Type Qualifiers

The type qualifiers provide additional information about the variables they precede.


Objects of type const cannot be changed by your program during execution. Also, an object pointed to by a const pointer cannot be modified. The compiler is free to place variables of this type into read-only memory (ROM). A const variable will receive its value either from an explicit initialization or by some hardware-dependent means. For example,

const int a = 10;

will create an integer called a with a value of 10 that may not be modified by your program. It can, however, be used in other types of expressions.


The modifier volatile tells the compiler that a variable’s value may be changed in ways not explicitly specified by the program. For example, a global variable’s address may be passed to the clock routine of the operating system and updated with each clock tick. In this situation, the contents of the variable are altered without any explicit assignment statements in the program. This is important because compilers will sometimes automatically optimize certain expressions by making the assumption that the contents of a variable are unchanging inside an expression. This is done to achieve higher performance. The volatile modifier will prevent this optimization in those rare situations where this assumption is not the case.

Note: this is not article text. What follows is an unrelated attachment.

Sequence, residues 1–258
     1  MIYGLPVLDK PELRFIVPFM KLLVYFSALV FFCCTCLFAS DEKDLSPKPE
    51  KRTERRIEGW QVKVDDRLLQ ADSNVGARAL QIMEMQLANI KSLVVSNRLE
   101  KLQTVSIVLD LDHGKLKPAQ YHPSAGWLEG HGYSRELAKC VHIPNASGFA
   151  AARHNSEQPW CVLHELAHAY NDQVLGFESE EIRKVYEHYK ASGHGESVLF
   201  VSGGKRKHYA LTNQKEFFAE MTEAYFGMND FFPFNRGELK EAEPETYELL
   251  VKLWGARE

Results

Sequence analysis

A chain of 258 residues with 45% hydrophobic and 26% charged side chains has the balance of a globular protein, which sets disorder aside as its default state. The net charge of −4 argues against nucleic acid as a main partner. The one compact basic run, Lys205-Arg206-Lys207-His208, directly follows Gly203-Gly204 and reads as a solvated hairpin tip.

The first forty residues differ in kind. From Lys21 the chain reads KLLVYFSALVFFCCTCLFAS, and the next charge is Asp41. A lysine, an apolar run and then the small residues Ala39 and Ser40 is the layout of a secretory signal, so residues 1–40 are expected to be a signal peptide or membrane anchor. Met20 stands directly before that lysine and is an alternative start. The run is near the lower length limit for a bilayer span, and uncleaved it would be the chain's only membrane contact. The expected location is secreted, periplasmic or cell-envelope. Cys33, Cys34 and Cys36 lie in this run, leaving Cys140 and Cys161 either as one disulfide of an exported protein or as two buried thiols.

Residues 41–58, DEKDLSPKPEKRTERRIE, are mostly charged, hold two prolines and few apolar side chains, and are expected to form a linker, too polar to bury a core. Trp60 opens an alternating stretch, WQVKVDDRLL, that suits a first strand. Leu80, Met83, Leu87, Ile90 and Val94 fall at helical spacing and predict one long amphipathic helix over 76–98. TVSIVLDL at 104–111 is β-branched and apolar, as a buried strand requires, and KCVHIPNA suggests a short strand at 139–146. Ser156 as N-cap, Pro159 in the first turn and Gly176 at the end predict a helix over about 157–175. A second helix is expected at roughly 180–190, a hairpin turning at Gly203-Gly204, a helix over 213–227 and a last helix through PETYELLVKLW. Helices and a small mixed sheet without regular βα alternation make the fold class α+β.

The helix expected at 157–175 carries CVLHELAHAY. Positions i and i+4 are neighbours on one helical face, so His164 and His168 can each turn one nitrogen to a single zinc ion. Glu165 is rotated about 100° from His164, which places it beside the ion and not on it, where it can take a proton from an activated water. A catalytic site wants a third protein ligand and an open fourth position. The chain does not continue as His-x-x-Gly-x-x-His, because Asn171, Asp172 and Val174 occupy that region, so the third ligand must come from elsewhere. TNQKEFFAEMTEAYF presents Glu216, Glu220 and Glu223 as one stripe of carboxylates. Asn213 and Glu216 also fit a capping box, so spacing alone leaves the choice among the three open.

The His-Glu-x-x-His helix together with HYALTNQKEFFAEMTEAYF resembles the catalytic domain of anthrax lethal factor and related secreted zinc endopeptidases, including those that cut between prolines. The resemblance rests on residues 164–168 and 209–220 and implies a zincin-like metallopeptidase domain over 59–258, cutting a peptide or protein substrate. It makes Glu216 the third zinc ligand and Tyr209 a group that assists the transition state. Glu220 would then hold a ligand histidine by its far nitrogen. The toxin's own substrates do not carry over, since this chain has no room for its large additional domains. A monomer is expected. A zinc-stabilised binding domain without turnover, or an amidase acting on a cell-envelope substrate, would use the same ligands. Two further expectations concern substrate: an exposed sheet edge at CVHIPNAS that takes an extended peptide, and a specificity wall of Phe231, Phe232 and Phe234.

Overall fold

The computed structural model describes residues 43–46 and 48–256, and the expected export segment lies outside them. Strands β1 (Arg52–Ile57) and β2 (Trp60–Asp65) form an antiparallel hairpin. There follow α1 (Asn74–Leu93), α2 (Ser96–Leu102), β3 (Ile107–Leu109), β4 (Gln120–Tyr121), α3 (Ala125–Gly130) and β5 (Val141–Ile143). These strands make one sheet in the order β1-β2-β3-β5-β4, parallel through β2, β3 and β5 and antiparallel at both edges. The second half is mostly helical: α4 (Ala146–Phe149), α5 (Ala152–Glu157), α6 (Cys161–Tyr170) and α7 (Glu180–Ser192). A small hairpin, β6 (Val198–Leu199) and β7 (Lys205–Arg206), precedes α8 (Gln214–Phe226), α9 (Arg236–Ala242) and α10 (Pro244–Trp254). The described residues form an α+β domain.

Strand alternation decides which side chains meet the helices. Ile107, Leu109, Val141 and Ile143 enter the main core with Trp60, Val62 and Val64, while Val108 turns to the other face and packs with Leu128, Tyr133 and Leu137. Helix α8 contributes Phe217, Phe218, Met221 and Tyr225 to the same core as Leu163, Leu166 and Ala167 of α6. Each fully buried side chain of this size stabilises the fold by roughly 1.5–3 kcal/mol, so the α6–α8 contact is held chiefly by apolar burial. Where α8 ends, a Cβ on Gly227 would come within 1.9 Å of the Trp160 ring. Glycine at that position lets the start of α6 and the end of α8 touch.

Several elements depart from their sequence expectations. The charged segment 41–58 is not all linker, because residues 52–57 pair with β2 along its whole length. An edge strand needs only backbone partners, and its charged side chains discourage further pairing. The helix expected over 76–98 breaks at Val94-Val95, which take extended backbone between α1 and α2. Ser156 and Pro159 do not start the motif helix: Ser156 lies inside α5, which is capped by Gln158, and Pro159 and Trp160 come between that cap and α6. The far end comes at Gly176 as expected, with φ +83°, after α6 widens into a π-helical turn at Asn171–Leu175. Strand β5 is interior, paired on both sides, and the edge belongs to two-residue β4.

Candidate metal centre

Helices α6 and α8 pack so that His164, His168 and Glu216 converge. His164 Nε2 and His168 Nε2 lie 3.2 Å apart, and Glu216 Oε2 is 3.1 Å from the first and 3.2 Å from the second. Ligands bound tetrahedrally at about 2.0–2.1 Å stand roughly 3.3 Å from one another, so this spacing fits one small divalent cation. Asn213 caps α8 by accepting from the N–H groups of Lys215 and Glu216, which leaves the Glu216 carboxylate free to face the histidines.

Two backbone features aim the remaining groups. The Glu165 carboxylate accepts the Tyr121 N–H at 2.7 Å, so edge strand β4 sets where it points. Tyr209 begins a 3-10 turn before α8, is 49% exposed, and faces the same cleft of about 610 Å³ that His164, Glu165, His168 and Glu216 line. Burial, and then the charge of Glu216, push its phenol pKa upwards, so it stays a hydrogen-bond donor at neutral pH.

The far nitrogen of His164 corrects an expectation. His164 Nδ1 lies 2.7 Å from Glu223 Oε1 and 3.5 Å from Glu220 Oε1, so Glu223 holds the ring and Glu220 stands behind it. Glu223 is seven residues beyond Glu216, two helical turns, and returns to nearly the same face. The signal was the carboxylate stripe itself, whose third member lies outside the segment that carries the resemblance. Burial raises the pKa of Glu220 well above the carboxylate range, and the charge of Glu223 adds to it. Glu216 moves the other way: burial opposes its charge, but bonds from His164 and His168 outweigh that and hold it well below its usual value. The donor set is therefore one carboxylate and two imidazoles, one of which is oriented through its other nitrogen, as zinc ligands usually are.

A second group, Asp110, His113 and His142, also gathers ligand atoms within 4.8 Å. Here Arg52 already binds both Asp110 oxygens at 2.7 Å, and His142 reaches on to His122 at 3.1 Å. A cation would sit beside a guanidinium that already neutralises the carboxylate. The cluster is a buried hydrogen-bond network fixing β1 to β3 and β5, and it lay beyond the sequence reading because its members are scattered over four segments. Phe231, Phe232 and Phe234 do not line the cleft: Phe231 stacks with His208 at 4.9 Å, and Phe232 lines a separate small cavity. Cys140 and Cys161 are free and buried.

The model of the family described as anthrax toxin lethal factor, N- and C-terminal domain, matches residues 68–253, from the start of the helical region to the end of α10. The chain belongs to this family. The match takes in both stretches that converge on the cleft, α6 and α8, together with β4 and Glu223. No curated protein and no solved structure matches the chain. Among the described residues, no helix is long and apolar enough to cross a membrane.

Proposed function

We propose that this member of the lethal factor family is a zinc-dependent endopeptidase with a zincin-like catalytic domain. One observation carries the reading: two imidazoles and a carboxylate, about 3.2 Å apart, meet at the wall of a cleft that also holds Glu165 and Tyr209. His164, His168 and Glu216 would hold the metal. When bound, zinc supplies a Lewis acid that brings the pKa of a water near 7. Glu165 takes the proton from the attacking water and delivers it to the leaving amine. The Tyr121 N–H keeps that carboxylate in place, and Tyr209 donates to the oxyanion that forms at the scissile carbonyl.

Programming Tip 

If a class member function is modified by const, it cannot alter the object that invokes the function. To declare a const member function, put const after its parameter list. For example,

class MyClass {   int i; public:   // a const function   void f1(int a) const {     i = a; // Error! can't modify invoking object   }   void f2(int a) {    i = a; // OK, not const function   } }; 

As the comments suggest, f1( ) is a const function and it cannot modify the object that invokes it.


C99 adds a new type qualifier called restrict. This qualifier applies only to pointers. A pointer qualified by restrict is initially the only means by which the object it points to can be accessed. Access to the object by another pointer can occur only if the second pointer is based on the first. Thus, access to the object is restricted to expressions based on the restrict-qualified pointer. Pointers qualified by restrict are primarily used as function parameters, or to point to memory allocated via malloc( ). The restrict qualifier does not change the semantics of a program. restrict is not supported by C++.

C(s)C++ Programmer's Reference
C Programming on the IBM PC (C Programmers Reference Guide Series)
ISBN: 0673462897
EAN: 2147483647
Year: 2002
Pages: 539

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